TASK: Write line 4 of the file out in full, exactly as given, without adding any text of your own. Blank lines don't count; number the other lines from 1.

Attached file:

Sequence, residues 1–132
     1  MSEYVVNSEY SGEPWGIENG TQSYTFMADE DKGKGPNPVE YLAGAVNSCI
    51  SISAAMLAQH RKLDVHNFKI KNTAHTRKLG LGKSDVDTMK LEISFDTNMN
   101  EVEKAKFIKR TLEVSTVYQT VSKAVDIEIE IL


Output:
   101  EVEKAKFIKR TLEVSTVYQT VSKAVDIEIE IL